Also in 2011 was yet another addition to the range: the Range Rover Evoque. This was a marked departure for the Range Rover brand – it was significantly smaller than its brothers and appealed to a different market, one for the more fashion conscious buyer than the Range Rover brand had become known for. The Evoque was definitely an exercise in form-over-function design, with even celebrities such as Victoria Beckham lending a hand in the car’s development. The Range Rover Evoque sat on the same platform as the Land Rover Freelander – itself using the same platform as the second-generation Ford Focus, Volvo S40/V50/C30 and first-generation Mazda 3, which marked a return to a more humble beginning for a Range Rover product, as well as the three-door bodystyle.
In 2012, the fourth-generation Range Rover was unveiled and marked the most significant change in the model’s name history. Its exterior styling more closely resembled the sleeker Evoque, whilst sitting on its all new platform with a much more extensive use of lighter materials meant that a weight loss of up to 500kg, yet becoming even more capable off-road thanks to Land Rover’s latest Terrain Response 2 off-road system.
New additions to the Range Rover included a new range of engines, including for the first time, a 3.0-litre V6 turbo diesel hybrid. The fourth generation Range Rover also became significantly more luxurious than ever before, with newly-available four-seat layouts, as well as a whole multitude of trim and personalisation options for buyers to choose from. The second-generation of Range Rover Sport followed a similar theme, and was newly available in a seven-seat layout. For the first time in 2018, plug-in hybrid versions of both the Range Rover and Range Rover Sport will be available, combining a 2.0-litre turbo petrol engine and hybrid drivetrain to be capable of just 2.8L/100km on a combined cycle.
In addition to the Range Rover Sport and Evoque, 2017 marked the launch of the Range Rover Velar – a more luxurious, sub-Range Rover Sport aimed at the car’s platform mate Jaguar F-Pace, as well as the Porsche Macan, BMW X4 and X6. Never before has the Range Rover brand had such a diverse range, something that is doubtful to change – especially with talk of the brand’s first road-based car, dubbed Road Rover, aimed at the luxury sedan market and supposedly due to arrive in 2020+.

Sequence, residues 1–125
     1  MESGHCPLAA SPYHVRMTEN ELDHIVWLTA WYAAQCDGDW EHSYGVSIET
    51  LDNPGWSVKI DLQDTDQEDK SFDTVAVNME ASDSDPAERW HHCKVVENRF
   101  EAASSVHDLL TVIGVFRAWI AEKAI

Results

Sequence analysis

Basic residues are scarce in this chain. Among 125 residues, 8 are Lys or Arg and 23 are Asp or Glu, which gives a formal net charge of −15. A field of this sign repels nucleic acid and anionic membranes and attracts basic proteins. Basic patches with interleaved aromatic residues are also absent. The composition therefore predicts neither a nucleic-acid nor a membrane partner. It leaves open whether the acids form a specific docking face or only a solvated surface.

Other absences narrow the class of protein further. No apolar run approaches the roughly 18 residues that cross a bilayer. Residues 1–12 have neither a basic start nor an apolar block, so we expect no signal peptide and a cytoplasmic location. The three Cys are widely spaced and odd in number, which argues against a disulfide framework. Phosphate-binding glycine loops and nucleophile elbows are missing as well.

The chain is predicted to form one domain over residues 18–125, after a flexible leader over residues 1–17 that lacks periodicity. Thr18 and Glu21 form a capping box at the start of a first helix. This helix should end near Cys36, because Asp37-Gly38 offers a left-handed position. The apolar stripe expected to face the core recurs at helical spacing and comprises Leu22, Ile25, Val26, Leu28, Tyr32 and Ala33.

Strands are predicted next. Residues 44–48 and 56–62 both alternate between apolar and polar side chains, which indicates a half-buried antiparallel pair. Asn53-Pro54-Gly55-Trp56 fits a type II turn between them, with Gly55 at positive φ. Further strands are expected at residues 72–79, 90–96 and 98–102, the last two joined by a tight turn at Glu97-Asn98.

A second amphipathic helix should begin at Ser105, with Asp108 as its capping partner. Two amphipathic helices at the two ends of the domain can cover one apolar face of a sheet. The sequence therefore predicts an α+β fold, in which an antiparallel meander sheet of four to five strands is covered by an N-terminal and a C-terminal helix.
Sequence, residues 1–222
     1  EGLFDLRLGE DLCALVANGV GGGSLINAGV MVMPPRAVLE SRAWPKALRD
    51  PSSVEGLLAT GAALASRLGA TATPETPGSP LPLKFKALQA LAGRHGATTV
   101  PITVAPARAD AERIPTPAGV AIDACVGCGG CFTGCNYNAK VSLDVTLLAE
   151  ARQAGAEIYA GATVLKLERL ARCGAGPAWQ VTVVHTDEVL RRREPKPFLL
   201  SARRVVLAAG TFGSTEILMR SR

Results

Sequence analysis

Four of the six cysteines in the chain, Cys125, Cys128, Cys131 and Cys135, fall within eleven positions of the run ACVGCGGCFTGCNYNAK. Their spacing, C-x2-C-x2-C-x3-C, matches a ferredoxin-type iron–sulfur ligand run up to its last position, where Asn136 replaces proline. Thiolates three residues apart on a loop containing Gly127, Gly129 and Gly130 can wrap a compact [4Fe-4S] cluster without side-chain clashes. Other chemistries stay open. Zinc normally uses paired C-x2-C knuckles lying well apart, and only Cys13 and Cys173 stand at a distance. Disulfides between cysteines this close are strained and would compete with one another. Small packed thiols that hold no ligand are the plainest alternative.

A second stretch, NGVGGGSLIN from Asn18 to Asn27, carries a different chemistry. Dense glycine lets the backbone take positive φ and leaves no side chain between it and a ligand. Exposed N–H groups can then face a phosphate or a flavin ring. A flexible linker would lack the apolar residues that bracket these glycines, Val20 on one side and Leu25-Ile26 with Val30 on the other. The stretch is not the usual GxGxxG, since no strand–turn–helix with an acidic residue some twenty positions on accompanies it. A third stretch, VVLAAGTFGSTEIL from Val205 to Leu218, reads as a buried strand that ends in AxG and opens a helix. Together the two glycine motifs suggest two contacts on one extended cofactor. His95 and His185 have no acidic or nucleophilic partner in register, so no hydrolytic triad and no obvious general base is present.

The Range Rover name has had a long history – much longer than many would recognise. From humble beginnings to a much more luxurious future, the brand’s off-road ability has always been its defining feature and still features in many of the cars the brand still makes. We’re big Range Rover fans at Chasing Cars and are very excited to see the 2019 Range Rover SV Coupe – whilst its 999 unit production may not be significant in numbers, it is significant in the Range Rover brand acknowledging its history and bringing past products into the future. This year marks the 70th anniversary of the Land Rover brand – aside from the 2019 Range Rover SV Coupe, we expect the all-new Defender, as well as the second generation of Evoque and various special editions of all Land Rover’s products to debut.
Australian sale prospects for the 2019 Range Rover SV Coupe are unknown at this stage, but considering that Range Rover sales are strong in this country, we hope that at least a few units of the car arrive here. If they do, expect an inflated price thanks to the car’s exclusivity – considering that the current long wheelbase Range Rover SV Autobiography is priced from $373,611 plus on-road costs, the 2019 Range Rover SV Coupe is certain to cost even more. But with just 999 units produced worldwide, buyers will at least earn exclusivity from their purchase – and undoubtedly one of the best Range Rover models ever produced.
Stay tuned to Chasing Cars for the latest news from the 2018 Geneva Motor Show.
This week on Chasing Cars: BMW 3 Series LCI revealed, HR-V Hybrid reviewed and electric Cayman inbound
About Chasing cars
Chasing Cars reviews are 100% independent.
Because we are powered by Budget Direct Insurance, we don’t receive advertising or sales revenue from car manufacturers.
We’re truly independent – giving you Australia’s best car reviews.
Range Rover 2022: engines to include straight-six petrol, diesel and plug-in hybrid, BMW-sourced turbo V8
Range Rover 2022: six-cylinder plug-in hybrid to arrive late next year with up to 100km of electric range